Two passenger cars lie on their side after the derailment of Amtrak train 188 in Philadelphia on May 12, 2015. (Photo courtesy of National Transportation Safety Board)
WASHINGTON – A Philadelphia judge Thursday ordered city prosecutors to reverse course and criminally charge the engineer of a speeding Amtrak train that derailed in the city in May 2015, killing eight people and injuring more than 200.
President Judge Marsha Neifield of Philadelphia Municipal Court ordered charges of involuntary manslaughter and reckless endangerment against engineer Brandon Bostian.
The move comes two days after the Philadelphia District Attorney’s Office announced it had failed to prove engineer Brandon Bostian displayed “conscious disregard” for safety when he sped 106 mph on a curve with a 50 mph limit.
With the deadline for filing criminal charges looming Friday, prosecutors had said they decided against criminal prosecution of Bostian after the National Transportation Safety Board found he lost track of his location as a result of a lack of “situational awareness” after he learned a nearby commuter train had been hit by a rock.
Attorney Richard A. Sprague asked the DA to accept a criminal complaint filed on behalf of the husband and father of Rachel Jacobs, a young mother killed in the crash.
Sprague, speaking at a Thursday evening news conference, said it “was a shock” that the DA’s Office had refused to pursue criminal charges against Bostian.
“Can you imagine someone driving down Market Street at 100 miles per hour, hitting people, killing people, and the DA saying we don’t have a basis for prosecuting anybody?” Sprague said.
Federal investigators said they found no evidence Bostian was under the influence of alcohol or drugs or that he had been using a cellphone at the time of the May 12, 2015, derailment of Amtrak train 188, en route from Washington to New York.
On Tuesday, the District Attorney’s Office issued a statement saying, “We cannot conclude that the evidence rises to the high level necessary to charge the engineer or anyone else with a criminal offense.”
Neifield’s order followed a request to the District Attorney’s Office from lawyers for victims of the derailment of Amtrak train 188 that criminal charges be filed against Bostian.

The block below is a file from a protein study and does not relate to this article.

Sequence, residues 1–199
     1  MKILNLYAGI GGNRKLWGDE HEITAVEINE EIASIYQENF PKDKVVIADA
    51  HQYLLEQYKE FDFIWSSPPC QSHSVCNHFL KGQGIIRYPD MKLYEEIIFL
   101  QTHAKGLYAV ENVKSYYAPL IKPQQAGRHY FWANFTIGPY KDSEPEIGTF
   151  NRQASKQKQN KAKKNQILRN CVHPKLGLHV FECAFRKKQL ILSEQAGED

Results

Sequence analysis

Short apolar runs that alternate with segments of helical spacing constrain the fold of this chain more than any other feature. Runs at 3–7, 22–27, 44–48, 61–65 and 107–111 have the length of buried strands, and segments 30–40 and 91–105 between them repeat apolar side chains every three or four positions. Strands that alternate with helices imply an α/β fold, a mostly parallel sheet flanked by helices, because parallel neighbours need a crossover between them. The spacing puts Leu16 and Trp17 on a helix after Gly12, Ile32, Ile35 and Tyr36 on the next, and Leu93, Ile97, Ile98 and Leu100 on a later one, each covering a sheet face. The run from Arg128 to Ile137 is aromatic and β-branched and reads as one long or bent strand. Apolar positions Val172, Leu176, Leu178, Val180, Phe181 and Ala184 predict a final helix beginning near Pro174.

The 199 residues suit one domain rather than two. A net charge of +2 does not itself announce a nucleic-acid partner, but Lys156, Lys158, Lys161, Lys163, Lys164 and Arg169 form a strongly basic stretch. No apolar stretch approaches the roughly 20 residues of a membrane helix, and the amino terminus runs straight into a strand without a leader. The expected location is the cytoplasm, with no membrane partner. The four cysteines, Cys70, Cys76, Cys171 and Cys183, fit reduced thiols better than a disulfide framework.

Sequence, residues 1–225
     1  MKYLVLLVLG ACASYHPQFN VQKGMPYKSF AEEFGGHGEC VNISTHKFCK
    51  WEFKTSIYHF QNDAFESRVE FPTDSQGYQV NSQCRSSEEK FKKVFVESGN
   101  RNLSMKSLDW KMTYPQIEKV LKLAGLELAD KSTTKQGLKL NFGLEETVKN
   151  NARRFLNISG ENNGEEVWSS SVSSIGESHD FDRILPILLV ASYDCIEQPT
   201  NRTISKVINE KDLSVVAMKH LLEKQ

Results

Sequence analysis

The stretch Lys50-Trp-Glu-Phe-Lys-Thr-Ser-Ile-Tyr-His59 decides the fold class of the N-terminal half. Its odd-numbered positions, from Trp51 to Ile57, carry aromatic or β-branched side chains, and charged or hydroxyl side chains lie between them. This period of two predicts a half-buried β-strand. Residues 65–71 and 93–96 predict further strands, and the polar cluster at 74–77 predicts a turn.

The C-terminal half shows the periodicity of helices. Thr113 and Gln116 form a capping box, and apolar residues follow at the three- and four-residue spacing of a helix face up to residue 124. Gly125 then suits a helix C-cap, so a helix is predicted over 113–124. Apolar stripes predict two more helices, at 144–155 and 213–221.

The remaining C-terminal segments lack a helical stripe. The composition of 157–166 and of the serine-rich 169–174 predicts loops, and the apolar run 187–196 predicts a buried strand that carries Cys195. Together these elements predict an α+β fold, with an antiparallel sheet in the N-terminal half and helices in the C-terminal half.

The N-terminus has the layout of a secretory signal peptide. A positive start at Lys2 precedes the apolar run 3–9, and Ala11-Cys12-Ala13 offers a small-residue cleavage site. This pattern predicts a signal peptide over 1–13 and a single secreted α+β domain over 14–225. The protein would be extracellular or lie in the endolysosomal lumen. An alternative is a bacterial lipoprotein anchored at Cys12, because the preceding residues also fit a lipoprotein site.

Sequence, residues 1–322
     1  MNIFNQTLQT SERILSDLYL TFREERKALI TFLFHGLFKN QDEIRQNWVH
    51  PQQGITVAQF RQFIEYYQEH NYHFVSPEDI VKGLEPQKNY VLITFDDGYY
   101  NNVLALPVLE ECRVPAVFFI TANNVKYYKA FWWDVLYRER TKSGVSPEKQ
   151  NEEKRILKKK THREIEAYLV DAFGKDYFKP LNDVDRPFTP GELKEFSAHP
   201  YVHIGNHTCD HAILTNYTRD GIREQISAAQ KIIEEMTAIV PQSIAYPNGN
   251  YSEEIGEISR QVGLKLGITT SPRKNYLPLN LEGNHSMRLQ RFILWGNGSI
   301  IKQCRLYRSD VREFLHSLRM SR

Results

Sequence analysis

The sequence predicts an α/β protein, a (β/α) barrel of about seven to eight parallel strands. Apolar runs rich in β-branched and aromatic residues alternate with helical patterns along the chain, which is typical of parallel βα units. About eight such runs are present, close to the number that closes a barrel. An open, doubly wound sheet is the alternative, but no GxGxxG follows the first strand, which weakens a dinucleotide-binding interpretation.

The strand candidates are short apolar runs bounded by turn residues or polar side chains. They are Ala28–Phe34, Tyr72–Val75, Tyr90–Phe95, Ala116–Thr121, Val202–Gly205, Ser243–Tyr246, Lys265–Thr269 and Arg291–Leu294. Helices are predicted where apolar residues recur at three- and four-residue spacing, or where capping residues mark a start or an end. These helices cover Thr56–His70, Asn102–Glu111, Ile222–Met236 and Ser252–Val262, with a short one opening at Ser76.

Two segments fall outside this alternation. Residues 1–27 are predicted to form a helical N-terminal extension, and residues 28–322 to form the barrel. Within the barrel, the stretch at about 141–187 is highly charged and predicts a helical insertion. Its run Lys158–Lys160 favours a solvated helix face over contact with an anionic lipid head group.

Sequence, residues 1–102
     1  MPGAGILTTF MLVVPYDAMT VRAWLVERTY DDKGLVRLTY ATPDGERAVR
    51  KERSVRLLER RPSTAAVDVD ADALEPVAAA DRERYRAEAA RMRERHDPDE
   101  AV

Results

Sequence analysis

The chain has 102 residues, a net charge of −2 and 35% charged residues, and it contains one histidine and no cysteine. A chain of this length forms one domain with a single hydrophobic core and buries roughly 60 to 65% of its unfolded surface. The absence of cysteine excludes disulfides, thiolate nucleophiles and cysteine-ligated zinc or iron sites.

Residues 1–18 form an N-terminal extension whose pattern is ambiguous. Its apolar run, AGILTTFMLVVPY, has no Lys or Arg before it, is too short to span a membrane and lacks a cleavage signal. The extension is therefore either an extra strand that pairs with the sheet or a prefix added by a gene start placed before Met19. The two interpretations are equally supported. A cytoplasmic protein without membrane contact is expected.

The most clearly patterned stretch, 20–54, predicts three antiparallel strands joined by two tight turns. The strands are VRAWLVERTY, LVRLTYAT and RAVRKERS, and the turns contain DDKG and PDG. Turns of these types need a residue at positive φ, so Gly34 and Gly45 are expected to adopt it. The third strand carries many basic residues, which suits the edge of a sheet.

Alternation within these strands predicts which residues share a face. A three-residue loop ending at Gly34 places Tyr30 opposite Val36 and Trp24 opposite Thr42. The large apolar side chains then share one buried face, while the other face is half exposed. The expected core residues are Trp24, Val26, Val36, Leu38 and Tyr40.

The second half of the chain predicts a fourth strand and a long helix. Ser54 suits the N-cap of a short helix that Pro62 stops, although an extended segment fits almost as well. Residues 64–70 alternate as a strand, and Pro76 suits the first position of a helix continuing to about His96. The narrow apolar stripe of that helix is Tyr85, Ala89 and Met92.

Amtrak has accepted responsibility for the crash and agreed to pay $265 million to settle related claims.
The following day, lawyers with the office of Richard A. Sprague, a prominent city lawyer and former first assistant district attorney, formally asked the District Attorney’s Office to accept a criminal complaint filed by the husband and father of Rachel Jacobs, a young mother killed in the crash.
Two other lawyers who represent 32 victims in lawsuits against Amtrak also asked for criminal charges against Bostian.
The DA’s office said it was referring the prosecution to the state’s attorney general to avoid any appearance of conflict of interest.
In a statement Thursday afternoon, Cameron L. Kline, communications director for the District Attorney’s Office, said: “President Judge Neifield has ordered the filing of two private criminal complaints as a result of the Amtrak train 188 derailment. In view of our earlier decision not to file charges, we have referred this prosecution to the Pennsylvania attorney general. We take this action to avoid the potential for any apparent conflict of interest, consistent with the Pennsylvania Commonwealth Attorney’s Act.”
This article is republished with permission from Talk Media News.
Gary Gately, a seasoned journalist, has won 15 national, regional and local awards for reporting and writing news, investigative, public service, feature, business and travel pieces. Gately’s work has been published by The New York Times, The Boston Globe, The Baltimore Sun (where he worked in reporting and editing jobs for 11 years), Baltimore Examiner, the Chicago Tribune, The Atlanta Journal-Constitution, The Guardian, The Washington Post, The Dallas Morning News, Business Week, Newsweek, Arrive Magazine, The Center for Public Integrity, CBSNews.com, CNBC.com, ABCNews.com, USAToday.com, HealthDay, The Crime Report, United Press International and numerous other newspapers, websites and magazines.
His coverage has received awards from the Associated Press, the Society of Professional Journalists, the Washington-Baltimore Newspaper Guild, the Maryland-Delaware-D.C. Press Association and the Society of American Travel Writers (first-place Lowell Thomas Award for best newspaper travel story/U.S.-Canada (immigrant New York).
Gately also has extensive experience editing for newspapers and websites, has taught college journalism courses in news writing, magazine writing and travel writing and is the author of Maryland: Anthem to Innovation, a book on the state’s history, industries and attractions.